The Walking Dead would look pretty good walking through Arizona, don't you think? Apocalyptic xeric landscapes just lend themselves to heartwarming tales of love, redemption, friendship, pretty ponies, and zombies. But, for eight seasons, TWD has been shambling, not through the blasted splatter-realms of Grand Canyon and Sonora, but the green fields of Georgia--one of only two states awarded five stars as "best tax incentive jurisdictions" by Film Production Capital. Arizona gets no stars--I don't care how many you can count on a clear desert night. It tanked its film production incentives at the first hint of recession. Since then, no TWD, no Breaking Bad, and no King Arthur: Legend of the Sword, dammit (see my previous post on the subject).
Now, I get it. Georgia is a deep blue sea of liberal tax-and-bend-over shiftlessness, a regulation-laden swamp of bureaucratic red tape and bottomless spending that makes New Jersey look like the Benedictine Sanctuary of fiscal restraint.
Except, it's not. In fact, in Area Development's Top States for Doing Business, Georgia has been No. 1 for three years in a row. Yes, Georgia, now considered to be a reliably red state, provides a 20% base transferable tax credit, but boasts of "incentives...up to 30% of your Georgia production expenditures." Gov. Nathan Deal, Republican, wants you to know that Georgia is now the No. 1 filming location in the world, hosting 320 film and television productions and generating $9.5 billion in economic impact in fiscal 2017 alone.
Our own governor, Doug Ducey, is no slouch when it comes to the old nip-and-tuck. He's known for overseeing "lean budgets," says the Cato Institute--a conservative think tank that likes its fiscal policy straight up, no chaser and no tax credits. Cato gave Ducey an "A" and a TEACHER'S SPECIAL AWARD sticker. Deal got a "D," and no sticker.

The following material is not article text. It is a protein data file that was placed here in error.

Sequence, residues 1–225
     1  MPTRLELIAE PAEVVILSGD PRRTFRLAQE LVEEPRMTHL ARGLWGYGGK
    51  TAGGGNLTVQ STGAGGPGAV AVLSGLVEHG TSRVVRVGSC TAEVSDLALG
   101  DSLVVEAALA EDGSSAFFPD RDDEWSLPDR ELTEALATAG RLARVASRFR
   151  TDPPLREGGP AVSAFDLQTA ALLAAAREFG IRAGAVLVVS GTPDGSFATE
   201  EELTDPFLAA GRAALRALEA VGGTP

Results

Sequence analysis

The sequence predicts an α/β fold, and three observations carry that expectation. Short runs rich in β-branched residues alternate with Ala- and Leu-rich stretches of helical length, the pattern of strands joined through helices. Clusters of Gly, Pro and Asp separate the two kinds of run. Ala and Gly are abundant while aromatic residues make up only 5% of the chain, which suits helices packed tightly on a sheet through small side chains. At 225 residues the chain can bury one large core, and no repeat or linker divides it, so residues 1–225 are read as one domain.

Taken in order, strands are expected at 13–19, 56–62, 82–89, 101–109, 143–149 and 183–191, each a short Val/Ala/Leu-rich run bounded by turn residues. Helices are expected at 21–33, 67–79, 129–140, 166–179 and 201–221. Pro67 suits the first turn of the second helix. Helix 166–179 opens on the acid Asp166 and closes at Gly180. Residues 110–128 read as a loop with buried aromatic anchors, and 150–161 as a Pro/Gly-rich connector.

Now...to paraphrase David Kall in Business Advocate, states with the "best tax systems," as judged by Cato and centers like the Tax Foundation, are the most competitive at attracting new businesses. But what to make of Georgia's No. 1 standing according to Area Development? An outlier? Then take a look at Forbes' Best States for Taxes, 2016 edition. Neither Georgia or Arizona crack the Top 10, but Georgia, at No. 16, does edge out our fair state, at No. 17. Regardless of how lean and Victoria Beckham-like Arizona appears from a distance, the two states share almost the same state and local tax burden.
So, I'm picking on Arizona. Ducey is fighting the good fight. He's getting there. One more slashed tax credit and he'll be nipping at the heels of Forbes' No. 1, Wyoming. (Which, to this day, offers a modest tax rebate for mostly in-state productions.)
But to what end? Is eliminating film incentives good for business?
Take another look at the Forbes list and, counting up from Arizona, twelve of the top 17 states, ranked by "least" tax burden, offer a tax credit, rebate, or grant. As ranked by the Cato Institute, five of the top 10 states offer film production incentives. The Tax Foundation? Their Top 10 list also includes five states with generous film and television tax incentives. Let me emphasize: these are states with the lowest tax burdens in the country--the states where, if you give them an Almond Joy, they might actually give you back a Mounds.
Let me turn the question around. Are production incentives good for business?
Ask Georgia, except you'll have to wait until they finish counting up to 9.5 billion. Ask the top 15 States for Doing Business according to Area Development. Twelve of them have deemed it fitting and proper to offer tax incentives for film, television, and other media projects (see the map above, courtesy of the Hollywood Reporter). Finally, ask New Mexico, which also made the Cato Institute's Top 10 list. It's where they filmed Breaking Bad and will soon host the feature film "Arizona." Yes. A movie called Arizona is being shot 350 miles away in a state with an out-of-control meth problem and no saguaros.
That's pretty sorry, but as John Wayne said in Rio Bravo, "Sorry don't get it done."